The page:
This is part one of a two-part series called, What You Can Learn from a Broken Computer.
The first thing I learned when my computer broke is that sometimes things just don’t work. We can spend time doing diagnostics to check hardware, uninstall and reinstall drivers, make sure there are no viruses or malicious invaders, and still might find that for whatever reason, the dumb machine won’t do what it’s supposed to. Sometimes you just have a lemon.
My computer started having issues early this week, so I took it to our awesome guys in IT. We’ve got an excellent and very capable IT staff here at StorageCraft, so I knew when one of them looked at my computer and said, “uh-oh…” that I had a serious problem.
My former laptop (the dirty traitor) has some inexplicable issues and must be repaired by the manufacturer. It’s likely that since our IT staff has already done just about everything imaginable to determine the issue, they’ll simply scratch their heads and toss it in the junk heap (at this point I’d really like to be there to watch them destroy it).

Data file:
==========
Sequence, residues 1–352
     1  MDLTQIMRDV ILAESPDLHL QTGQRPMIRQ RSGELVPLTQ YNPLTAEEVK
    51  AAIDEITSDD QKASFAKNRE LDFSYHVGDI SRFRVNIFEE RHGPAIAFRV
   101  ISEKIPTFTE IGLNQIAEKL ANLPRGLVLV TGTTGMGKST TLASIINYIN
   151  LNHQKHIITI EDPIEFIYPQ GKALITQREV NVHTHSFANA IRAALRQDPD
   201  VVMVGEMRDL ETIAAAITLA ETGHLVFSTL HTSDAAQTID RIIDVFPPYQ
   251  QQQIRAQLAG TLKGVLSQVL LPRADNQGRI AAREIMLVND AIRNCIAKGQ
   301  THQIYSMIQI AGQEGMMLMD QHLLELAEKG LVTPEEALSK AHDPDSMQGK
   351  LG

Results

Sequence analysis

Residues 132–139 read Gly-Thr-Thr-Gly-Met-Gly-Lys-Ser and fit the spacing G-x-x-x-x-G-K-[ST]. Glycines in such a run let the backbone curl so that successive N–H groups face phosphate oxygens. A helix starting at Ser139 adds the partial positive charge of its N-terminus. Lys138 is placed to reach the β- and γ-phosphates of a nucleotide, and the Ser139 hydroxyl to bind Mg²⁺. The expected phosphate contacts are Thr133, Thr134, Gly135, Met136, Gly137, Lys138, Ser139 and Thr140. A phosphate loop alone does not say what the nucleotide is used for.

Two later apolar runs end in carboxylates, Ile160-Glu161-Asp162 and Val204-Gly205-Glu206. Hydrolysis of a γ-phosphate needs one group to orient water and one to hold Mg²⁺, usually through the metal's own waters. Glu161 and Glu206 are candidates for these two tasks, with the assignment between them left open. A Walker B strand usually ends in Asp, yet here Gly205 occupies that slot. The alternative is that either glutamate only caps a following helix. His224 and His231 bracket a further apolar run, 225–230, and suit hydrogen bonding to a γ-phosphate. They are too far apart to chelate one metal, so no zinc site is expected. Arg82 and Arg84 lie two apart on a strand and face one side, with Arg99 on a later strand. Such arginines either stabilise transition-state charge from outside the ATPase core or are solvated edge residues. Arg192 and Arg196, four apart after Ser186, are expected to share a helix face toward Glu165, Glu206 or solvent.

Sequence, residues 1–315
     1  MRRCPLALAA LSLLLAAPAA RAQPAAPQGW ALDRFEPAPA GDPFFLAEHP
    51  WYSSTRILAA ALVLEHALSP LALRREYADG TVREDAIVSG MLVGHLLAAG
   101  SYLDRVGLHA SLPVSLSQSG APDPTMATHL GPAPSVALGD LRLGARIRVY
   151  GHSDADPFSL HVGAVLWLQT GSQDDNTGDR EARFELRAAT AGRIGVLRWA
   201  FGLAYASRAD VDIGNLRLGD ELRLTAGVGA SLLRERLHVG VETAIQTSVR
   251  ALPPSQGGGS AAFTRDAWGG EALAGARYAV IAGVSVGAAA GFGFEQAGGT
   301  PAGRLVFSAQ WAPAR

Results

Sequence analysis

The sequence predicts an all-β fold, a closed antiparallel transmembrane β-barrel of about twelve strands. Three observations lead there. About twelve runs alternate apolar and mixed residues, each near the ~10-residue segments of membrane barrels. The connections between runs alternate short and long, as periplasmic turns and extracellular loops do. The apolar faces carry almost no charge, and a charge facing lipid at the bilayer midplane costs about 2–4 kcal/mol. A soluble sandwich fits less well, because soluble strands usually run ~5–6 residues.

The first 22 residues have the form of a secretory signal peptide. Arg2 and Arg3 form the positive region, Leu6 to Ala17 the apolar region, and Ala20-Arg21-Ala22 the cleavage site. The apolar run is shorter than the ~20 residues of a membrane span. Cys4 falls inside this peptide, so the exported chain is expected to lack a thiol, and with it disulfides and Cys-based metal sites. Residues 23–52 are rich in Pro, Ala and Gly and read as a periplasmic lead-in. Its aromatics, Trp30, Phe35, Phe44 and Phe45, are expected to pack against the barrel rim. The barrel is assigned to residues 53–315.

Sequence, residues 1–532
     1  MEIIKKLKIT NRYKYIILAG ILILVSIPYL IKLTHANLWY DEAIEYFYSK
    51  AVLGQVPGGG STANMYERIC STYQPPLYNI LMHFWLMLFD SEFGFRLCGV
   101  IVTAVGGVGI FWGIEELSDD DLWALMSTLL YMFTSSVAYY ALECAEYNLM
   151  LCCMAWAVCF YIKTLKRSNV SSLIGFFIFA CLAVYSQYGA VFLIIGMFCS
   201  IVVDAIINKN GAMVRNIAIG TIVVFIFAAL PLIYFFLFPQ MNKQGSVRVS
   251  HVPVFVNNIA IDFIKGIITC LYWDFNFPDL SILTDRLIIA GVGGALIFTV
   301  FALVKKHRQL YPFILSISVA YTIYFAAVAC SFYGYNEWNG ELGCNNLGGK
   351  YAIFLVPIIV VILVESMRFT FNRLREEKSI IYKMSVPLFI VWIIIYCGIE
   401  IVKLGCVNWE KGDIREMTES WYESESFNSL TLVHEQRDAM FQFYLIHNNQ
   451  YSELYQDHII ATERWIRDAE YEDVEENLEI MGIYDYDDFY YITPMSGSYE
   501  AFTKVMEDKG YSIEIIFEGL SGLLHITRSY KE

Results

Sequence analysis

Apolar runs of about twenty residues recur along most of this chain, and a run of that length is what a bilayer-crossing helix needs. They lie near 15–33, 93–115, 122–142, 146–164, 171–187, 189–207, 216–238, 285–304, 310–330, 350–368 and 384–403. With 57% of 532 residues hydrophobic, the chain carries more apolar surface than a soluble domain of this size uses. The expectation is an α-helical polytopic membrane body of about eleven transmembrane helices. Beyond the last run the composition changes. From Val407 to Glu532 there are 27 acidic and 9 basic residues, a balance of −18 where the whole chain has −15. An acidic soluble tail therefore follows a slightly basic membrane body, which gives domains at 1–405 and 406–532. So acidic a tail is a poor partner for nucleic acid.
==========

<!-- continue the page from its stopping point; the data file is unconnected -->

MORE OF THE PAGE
There comes a time in the life of any equipment, whether it’s computer, car, or camera, that it just fails beyond repair. At some point, it must be retired and no amount of fixing will do. There are certain warning signs you can look for when it comes to hard drive failure and other hardware issues, but usually a problem will take your computer down whether you’re ready or not.
Nothing lasts forever and failure can come without warning. But that’s exactly the reason we take backups, and that’s the reason we plan for this type of failure. Even as I write this on a sad and empty “loaner” computer, I have no need to be too upset because I have an external hard drive sitting on my desk that has a pristine backup of my computer. Once I get a new (I hope it’s brand new) computer, I’ve got every single thing that was on my old computer ready to go onto the new one. While it may have been a frustrating journey, I never once had to worry about losing my precious data; it’s great having a plan.